At issue is the fundamental right consumers have to make informed choices about the food they eat. Labeling foods doesn’t imply a product is unsafe or will be confusing to consumers as some may argue. The FDA requires the labeling of over 3,000 ingredients, additives, and processes; providing basic information doesn’t confuse the public, it empowers them to make choices. Absent labeling, Americans are unable to choose for themselves whether to purchase GE foods. Polls have consistently shown that consumers are not only surprised to know that GE foods are not identified, but that they want the federal government to label these products. Since the labeling petition was filed in October 2011, over half a million comments have been submitted in support of labeling.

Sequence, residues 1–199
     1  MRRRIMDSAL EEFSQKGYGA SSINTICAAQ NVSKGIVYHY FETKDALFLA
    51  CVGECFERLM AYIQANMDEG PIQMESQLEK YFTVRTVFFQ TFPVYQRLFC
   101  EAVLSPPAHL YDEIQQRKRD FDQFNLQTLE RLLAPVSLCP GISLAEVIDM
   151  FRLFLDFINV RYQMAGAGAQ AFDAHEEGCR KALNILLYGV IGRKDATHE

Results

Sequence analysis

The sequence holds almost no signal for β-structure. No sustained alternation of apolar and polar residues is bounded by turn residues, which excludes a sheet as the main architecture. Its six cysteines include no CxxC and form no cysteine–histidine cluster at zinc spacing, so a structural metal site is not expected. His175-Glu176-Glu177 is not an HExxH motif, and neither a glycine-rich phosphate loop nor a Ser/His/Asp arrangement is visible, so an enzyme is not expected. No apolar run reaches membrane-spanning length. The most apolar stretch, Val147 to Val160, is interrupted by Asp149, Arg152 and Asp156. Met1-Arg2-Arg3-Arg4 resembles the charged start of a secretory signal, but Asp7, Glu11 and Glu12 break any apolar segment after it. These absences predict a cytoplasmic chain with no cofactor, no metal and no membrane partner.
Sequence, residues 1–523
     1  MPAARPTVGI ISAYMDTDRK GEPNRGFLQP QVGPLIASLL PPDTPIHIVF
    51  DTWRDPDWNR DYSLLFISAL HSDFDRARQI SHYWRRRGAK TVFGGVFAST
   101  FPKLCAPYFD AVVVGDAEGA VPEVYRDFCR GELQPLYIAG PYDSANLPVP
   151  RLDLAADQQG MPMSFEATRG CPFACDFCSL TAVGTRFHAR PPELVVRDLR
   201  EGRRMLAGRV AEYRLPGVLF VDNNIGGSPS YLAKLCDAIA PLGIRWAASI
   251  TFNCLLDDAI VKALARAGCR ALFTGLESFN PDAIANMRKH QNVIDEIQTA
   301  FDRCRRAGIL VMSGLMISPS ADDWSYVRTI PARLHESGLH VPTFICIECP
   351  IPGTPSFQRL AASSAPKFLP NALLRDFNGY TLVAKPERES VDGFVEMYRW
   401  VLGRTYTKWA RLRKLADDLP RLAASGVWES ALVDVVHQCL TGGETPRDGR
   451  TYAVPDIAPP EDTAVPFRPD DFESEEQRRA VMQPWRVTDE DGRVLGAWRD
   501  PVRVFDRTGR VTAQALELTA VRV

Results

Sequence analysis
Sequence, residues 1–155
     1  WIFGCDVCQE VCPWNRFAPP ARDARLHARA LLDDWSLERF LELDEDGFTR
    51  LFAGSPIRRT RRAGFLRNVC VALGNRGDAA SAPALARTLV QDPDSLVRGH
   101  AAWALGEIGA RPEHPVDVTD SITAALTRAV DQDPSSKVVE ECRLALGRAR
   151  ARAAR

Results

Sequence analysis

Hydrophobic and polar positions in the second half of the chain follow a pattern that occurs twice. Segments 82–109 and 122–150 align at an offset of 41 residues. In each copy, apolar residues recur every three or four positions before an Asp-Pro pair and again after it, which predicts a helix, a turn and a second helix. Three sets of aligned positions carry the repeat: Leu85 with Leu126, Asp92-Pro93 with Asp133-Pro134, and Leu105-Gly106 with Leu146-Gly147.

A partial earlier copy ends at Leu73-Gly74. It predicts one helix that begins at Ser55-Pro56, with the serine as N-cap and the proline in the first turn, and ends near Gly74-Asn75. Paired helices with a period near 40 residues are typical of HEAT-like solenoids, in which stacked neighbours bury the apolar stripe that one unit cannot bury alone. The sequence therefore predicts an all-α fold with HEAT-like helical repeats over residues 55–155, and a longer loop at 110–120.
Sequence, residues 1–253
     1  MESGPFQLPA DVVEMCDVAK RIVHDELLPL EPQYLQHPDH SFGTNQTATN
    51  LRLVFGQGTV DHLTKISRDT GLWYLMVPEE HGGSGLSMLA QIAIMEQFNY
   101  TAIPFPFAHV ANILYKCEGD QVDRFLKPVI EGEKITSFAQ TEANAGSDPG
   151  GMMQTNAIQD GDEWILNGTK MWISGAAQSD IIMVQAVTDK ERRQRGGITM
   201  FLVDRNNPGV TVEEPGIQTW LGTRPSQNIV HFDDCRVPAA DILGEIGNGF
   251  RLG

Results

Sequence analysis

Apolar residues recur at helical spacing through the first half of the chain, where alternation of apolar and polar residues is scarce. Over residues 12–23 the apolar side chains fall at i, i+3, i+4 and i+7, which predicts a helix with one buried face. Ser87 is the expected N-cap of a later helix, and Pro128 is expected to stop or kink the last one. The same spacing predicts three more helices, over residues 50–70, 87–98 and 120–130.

The FDA has the opportunity and authority to do right by the American public. When issuing its rule requiring irradiated foods to be labeled FDA stated in broad terms that a decision to require labeling is not just based on the physical changes to the food but also on whether consumers view such information as important, and whether the omission of label information may mislead a consumer. The fact that FDA has already adopted this broad interpretation of “material” facts demonstrates that it is a reasonable—and therefore permissible—interpretation of the Federal Food, Drug, and Cosmetic Act (FFDCA).
We urge you to fully review the facts, law, and science, and side with the American public by requiring the labeling of genetically engineered foods as is done in nearly 50 countries throughout the world. FDA has a clear opportunity to protect a consumer’s right to know, the freedom to choose what we feed our families, and the integrity of our free and open markets with this petition. Thank you for your consideration.
Cc: Kathleen Sebelius, Secretary of Health and Human Services
Michael Taylor, Deputy Commissioner for Food